Excel University Passport
Learning Excel is a bit like taking a tour and visiting various places. The Excel University Passport is a free gift that can help you learn Excel and work faster.
The idea is that you download the Passport PDF and print it. You fold it into a little booklet. As you visit each stop during the Excel tour, you stamp each page complete.
You'll visit each of the 6 stops below during your tour. Perform the suggested learning activities to complete your tour.
If you haven't already downloaded the Passport, you can use the button below.
Process: Speed Loop
Working fast in Excel requires 2 things: Process + Skills. This tour covers both, let's start with the process.
At Excel University, we teach the Speed Loop process as the formal system to optimize your workbooks for efficiency and accuracy. It sets the stage for all of the Excel skills that follow.
The Speed Loop process helps you optimize your workbooks for efficiency and accuracy.
- Identify recurring project workbooks
- Insert lead sheets
- Automate manual tasks
- Anticipate errors
- Accumulate Excel skills
- Rebuild workbooks
- Reinvest time savings
Suggested Learning Activity: Watch the free Speed Loop webinar and mark this step complete.
There are a few fundamentals that will help you as you use Excel.
We offer a free course that discusses these fundamentals ... which we call the 3 keys.
The Excel 100: Intro to Excel course is designed for people just getting started, so if you've been using Excel for a while feel free to skip it. However, the course doesn't take very long so you may want to check it out as the principles may be helpful.
Suggested Learning Activity: Take the free course and mark your passport page complete.
One of the keys discussed in the Excel 100 course is to use formulas to compute values whenever possible. By getting Excel to compute a value, it means we don't have to type the value manually. This saves time.
There are 500+ Excel functions that we can use to build our formulas.
Since Excel is used for so many different things by so many different people, it is hard to narrow it down to a short list that would apply to all users.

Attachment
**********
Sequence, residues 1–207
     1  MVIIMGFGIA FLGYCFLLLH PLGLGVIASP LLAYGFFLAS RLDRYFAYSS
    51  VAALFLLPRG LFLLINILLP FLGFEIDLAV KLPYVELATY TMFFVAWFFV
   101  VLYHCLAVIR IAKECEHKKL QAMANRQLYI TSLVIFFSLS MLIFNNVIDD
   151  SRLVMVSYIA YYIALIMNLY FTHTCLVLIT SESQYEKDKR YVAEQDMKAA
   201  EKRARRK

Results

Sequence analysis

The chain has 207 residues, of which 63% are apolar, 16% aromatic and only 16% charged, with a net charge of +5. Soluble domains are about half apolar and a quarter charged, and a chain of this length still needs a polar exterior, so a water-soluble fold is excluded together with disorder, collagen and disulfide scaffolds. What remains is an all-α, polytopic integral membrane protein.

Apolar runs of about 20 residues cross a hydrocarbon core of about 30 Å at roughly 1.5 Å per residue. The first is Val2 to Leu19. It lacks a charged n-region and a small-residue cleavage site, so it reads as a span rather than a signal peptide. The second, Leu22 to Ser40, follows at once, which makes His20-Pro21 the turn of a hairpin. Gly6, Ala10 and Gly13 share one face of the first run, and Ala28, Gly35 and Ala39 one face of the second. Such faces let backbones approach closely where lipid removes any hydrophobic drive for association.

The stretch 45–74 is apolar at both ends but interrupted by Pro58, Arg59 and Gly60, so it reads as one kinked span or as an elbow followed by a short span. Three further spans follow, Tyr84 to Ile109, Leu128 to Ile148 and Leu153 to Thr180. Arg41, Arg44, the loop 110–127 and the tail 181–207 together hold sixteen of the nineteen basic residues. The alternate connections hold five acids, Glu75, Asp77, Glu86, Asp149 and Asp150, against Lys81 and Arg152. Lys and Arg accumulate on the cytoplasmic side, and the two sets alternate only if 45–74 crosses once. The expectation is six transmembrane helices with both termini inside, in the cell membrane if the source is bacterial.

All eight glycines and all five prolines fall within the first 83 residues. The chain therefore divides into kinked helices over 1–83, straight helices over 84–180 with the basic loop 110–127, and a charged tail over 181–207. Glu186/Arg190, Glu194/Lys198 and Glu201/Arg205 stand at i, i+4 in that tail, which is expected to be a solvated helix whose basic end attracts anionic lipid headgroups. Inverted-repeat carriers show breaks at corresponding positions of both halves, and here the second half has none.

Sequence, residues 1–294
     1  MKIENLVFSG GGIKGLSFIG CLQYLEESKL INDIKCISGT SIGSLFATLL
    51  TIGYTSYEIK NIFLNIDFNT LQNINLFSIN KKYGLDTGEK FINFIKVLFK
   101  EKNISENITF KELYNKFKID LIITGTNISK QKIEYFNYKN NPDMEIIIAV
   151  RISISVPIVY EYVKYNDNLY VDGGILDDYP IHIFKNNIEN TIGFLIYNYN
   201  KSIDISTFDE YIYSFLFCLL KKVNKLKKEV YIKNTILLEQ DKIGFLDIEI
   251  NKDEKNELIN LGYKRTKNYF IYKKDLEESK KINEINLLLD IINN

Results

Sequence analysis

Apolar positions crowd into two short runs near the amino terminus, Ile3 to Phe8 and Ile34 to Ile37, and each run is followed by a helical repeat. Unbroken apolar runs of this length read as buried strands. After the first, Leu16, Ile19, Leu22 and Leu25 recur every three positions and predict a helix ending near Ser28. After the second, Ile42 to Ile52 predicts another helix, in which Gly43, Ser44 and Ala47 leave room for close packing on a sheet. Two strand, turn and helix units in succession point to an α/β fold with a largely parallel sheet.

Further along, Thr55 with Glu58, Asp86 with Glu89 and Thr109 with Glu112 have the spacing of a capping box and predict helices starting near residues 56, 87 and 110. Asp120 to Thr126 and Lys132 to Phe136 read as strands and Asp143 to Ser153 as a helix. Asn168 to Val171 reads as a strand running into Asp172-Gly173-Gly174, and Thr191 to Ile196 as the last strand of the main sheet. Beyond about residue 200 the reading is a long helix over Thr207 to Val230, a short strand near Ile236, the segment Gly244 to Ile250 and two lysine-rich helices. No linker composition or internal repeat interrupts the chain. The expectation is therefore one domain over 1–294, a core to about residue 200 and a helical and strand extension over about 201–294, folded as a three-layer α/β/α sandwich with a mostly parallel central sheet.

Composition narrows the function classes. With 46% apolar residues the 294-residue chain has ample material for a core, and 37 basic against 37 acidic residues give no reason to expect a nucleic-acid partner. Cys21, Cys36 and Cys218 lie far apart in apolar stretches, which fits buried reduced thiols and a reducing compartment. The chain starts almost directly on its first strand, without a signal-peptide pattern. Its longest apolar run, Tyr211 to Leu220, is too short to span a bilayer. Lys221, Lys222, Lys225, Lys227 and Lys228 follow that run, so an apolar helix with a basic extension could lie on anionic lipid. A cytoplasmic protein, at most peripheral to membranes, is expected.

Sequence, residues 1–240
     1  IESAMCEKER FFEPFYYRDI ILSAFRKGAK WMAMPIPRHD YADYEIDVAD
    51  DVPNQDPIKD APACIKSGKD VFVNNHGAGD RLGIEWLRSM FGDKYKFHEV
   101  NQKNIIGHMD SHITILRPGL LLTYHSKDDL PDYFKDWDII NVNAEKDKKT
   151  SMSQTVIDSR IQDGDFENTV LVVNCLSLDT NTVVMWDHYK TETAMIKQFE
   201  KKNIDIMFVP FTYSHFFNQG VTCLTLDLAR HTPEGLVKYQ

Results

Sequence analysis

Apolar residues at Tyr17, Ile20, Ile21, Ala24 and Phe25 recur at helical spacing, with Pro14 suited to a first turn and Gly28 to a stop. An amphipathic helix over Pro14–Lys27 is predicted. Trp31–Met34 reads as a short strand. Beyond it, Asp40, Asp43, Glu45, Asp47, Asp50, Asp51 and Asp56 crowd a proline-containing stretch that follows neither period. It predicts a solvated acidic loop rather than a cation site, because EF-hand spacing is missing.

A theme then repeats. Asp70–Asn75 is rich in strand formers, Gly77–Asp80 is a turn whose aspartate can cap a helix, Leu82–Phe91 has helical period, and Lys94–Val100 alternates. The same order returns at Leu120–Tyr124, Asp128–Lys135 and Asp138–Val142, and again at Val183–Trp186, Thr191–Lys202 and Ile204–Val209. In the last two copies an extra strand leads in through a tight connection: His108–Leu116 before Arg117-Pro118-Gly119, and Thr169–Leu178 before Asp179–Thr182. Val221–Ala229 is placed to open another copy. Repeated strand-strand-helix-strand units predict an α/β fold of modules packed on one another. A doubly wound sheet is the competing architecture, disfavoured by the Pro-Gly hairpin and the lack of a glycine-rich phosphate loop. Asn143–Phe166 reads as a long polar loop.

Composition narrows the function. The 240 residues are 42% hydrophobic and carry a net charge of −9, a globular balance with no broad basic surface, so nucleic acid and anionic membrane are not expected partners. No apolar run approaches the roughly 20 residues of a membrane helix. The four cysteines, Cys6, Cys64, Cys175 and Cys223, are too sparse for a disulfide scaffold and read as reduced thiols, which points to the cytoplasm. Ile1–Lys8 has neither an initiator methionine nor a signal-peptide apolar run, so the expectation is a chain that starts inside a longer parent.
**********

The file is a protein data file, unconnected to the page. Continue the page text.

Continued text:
But, I believe that the functions below have the potential to help many users work faster.
- SUBTOTAL - excludes other SUBTOTAL functions.
- SUMIFS - multiple condition summing.
- XLOOKUP - improved lookup available in some Excel versions.
Note: if your Excel doesn't have XLOOKUP then check out VLOOKUP instead.
Suggested Learning Activity: Click each function to read the corresponding article and mark your passport page complete.
One of the keys discussed in Excel 100 is to use features whenever possible. That is, instead of doing a task manually, we want to put Excel to work for us.
With the vast number of features and commands available in Excel, it is difficult to create a list that would apply to all Excel users.
But, here are three features I believe have the possibility to help many users work faster.
- Tables - tables auto-expand.
- PivotTables - PivotTables are interactive reports and they make it easy to create monthly columns.
- Conditional Formatting - automatically format cells based on defined rules.
Suggested Learning Activity: read each article to complete this passport page.
Now that we are familiar with the fundamentals and know a few functions and features, it is time to learn more powerful tools.
These are really big areas to explore, but I've pulled together a few articles that can help you get your bearings and get started.
- Power Query - get and transform data.
- Power Pivot - manage the data model to use as a report data source.
- Power BI - this is not an Excel tool, but, it is so closely related it is worth exploring. It provides Power Query and Power Pivot in a standalone desktop app and related service. If your version of Excel doesn't have Power Query or Power Pivot, this is definitely worth checking out.
Suggested Learning Activity: read each article above and mark your passport page complete.
Macros are a series of instructions that Excel can execute. The instructions are written in a special language called VBA (visual basic for applications). This is a very big area to explore, but I've pulled together a few articles that can help you get started.
We can use macros to make it faster to apply built-in features or to automate things when there isn't a corresponding command.
For example, we can use a macro to:
Suggested Learning Activity: read each article and mark this complete.
Thanks for taking our Excel Highlights tour. I hope it was helpful!
Excel is a big place. If you'd like to learn more, please check out our online training options.
Pass it on...
If you found this passport helpful, please pass it on to a friend 🙂
Just copy/paste the link below and txt/email it to your friend: